7 Activities That Could Get You Jailed (or Killed) While Traveling

It’s your first time traveling outside your home country’s borders and you’re scared. Naturally … there are many dangerous places out there. Maybe you simply fear potential misunderstandings; something as subtle as showing someone the underside of your foot is enough to offend locals in many countries.

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But the major factor is the unknown, what drives us to leave home in the first place. You don’t know how people live their lives in another culture. You can’t understand why some just don’t like Americans. You’re blissfully ignorant of local laws, laws you believe apply only to the citizens of a nation you just happen to be visiting …

Ignorance of a relatively important local law could cost you your life.

Let’s look back at Ancient Egypt. True, many laws around this time centered around heresy and arcane customs, but even those residents of “civilized” parts of the world (i.e. the Roman Empire) might have been caught off guard during visits to Cairo. Cats, as you may know, were sacred to the Egyptians, their likeness used to represent goddesses like Bast and Sekhmet. More to the point, the punishment for the killing of a cat, even unintentionally, was death. In this case, ignorance of a relatively important local law could have cost you your life.

Others today can still cost your freedom, your livelihood and quite possibly your life. Here are seven activities abroad that may do just that:

No prison bars as strong as my will
No prison bars as strong as my will © assbach

#1: Transporting Drugs, Southeast Asia

A British man was recently executed in China after being suspected of smuggling heroin. The facts of this case are unclear despite the crystal-clear sentence by Chinese authorities. However, there are two things in this world you can be certain of: don’t carry illegal substances across borders and the stupidest thing is to do so in Asia.

Granted, many western countries have severe consequences for such crimes, but nowhere on earth is the punishment as swift and brutal as we see in Southeast Asia and the Middle East.

Just ask Samantha Orobator, a British woman arrested and sentenced to death by firing squad in Laos last May. She was given a life sentence after authorities discovered she had been pregnant; whether this was a tactic to escape execution, rape, or something else is unknown.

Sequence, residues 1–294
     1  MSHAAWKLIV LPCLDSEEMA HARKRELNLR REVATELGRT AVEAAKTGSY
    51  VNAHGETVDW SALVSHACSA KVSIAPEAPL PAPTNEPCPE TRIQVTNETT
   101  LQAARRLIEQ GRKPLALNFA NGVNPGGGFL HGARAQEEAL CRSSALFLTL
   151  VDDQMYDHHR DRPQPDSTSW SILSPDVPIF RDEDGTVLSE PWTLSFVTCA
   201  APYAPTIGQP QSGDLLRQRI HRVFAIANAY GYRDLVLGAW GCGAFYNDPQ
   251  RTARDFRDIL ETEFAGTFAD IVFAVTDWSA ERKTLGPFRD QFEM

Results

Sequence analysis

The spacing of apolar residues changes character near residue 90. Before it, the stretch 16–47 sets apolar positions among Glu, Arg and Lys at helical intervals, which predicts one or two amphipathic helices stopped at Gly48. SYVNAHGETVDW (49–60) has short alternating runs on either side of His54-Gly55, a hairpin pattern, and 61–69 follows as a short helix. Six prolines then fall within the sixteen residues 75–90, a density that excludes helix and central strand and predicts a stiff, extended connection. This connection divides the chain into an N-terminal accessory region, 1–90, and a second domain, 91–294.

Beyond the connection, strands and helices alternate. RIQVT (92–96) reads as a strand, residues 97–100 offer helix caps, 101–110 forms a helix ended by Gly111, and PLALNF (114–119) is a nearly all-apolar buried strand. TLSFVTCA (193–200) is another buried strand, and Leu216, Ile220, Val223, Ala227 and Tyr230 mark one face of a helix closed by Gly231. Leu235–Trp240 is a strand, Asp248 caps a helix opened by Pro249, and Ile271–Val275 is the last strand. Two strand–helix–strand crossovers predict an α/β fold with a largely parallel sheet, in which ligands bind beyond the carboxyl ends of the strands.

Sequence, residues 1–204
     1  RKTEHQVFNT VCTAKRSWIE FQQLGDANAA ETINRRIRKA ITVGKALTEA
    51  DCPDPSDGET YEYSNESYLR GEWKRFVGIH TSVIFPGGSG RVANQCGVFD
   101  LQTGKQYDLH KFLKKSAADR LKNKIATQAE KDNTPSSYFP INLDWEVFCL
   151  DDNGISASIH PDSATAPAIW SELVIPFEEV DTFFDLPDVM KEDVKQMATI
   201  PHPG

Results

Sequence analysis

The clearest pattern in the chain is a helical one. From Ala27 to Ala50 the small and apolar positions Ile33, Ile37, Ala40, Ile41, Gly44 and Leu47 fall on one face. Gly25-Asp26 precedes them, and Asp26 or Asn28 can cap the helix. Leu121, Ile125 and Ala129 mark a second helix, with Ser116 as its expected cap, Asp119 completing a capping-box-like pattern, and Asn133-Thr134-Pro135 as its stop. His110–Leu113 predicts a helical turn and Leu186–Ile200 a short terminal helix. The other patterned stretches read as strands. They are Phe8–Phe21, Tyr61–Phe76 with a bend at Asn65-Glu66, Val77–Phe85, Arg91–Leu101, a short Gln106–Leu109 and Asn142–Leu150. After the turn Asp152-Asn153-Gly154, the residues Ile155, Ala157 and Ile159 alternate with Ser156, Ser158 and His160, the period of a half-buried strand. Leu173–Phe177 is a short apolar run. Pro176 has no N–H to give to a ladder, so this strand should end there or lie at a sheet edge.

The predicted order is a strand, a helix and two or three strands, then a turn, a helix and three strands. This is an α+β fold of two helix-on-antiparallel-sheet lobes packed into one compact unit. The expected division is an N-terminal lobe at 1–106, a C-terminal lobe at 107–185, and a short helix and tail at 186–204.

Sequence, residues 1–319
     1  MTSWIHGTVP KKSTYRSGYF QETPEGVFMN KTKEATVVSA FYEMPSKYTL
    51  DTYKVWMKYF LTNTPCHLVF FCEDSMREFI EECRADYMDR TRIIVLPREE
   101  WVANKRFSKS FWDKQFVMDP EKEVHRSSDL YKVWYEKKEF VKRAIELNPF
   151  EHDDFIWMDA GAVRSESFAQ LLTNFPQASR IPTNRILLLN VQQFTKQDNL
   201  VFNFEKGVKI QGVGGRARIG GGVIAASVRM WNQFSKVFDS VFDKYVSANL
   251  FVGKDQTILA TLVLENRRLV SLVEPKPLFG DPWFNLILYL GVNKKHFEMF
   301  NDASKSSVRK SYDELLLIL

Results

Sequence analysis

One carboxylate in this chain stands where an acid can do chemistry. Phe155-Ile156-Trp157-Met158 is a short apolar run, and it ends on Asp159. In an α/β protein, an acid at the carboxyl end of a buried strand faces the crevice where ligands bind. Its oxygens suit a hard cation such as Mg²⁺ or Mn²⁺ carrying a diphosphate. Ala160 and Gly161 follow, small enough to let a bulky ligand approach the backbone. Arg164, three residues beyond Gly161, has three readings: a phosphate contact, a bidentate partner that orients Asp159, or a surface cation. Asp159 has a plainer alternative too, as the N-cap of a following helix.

In Singapore, anyone in possession of as little as 3 grams of morphine or 15 grams of cannabis receives an automatic death sentence … by hanging.

#2: Trespassing, Texas

Will Be Shot Again
Will Be Shot Again © Orin Zebest

Let’s say you make a career of peeping or breaking and entering … just humor me. So you thought one of any number of US states would be ideal for such an intrusion. Guess again: half of all states have what’s called castle laws in effect, which allow landowners to injure, shoot, even kill those violating their property without any legal restraints.

That’s right: you can shoot trespassers point-blank and not be sued or criminally tried. Jehovah’s Witnesses and Girl Scouts beware.

#3: Insulting the King, Thailand

“Whoever defames, insults or threatens the King, the Queen, the Heir-apparent or the Regent, shall be punished with imprisonment of three to fifteen years.”

The Lese Majeste Law in Thailand, although never having resulted in the death penalty, I mention for its seemingly innocuous nature (and, some would argue, Thai prisons are worse than death). Royalty is given respect above and beyond anything westerners can understand, even citizens of countries with monarchies still in place. When the royal anthem is played on loudspeakers across the city at certain hours every day, people are expected to drop their work and turn to the nearest flag.

Dropping a coin, which bears the king’s image, is almost sacrilege; intentionally step on a Baht note, and you could find yourself in prison rather quickly. Unlike David McMillan, you won’t have the means to mount an escape.

#4: Killing a Cow, India and Nepal

Resting Cows
Resting Cows © betta design

This is actually not as black and white as it seems. Some people do in fact eat beef in India and Nepal and do not find themselves in handcuffs within the hour. In India, slaughtering a cow for food or even accidentally hitting it with a car can result in a steep sentence … anywhere from one year to life behind bars and death.

In the Himalayan kingdom, there are very few “pure” Hindi who look upon bovines as sacred, and so some are punished only by officials looking to exact revenge, abusing their power. Either way, be careful when you drive, and resist the temptation for a fresh hamburger.

#5: Not Carrying ID, Japan

Quadrilingual sign: Alien Registration #8215
Quadrilingual sign: Alien Registration #8215 © Nemo’s great uncle

Some of you probably think I’m joking: a civilized country like Japan would lock me up just for failing to present ID? Yes, they would. In the land of the rising sun, all foreign residents are required to carry their “gaijin card” (外国人登録証) or passport AT ALL TIMES. No exceptions. If you happen to walk past a policeman who feels it’s his sacred duty to protect his country from “dangerous foreigners”, he will most likely inspect your ID.

Fail to present this, and you could find yourself behind bars for 23 days with absolutely no contact from the outside world: 3 days’ initial interrogation, which can be extended twice by 10 days upon a judge’s approval. This is true of anyone suspected of a crime, not just foreigners who may have rushed out the door and forgotten a vital form of government-issued paper. Even when I went for long runs, my gaijin card was tucked safely inside my pocket.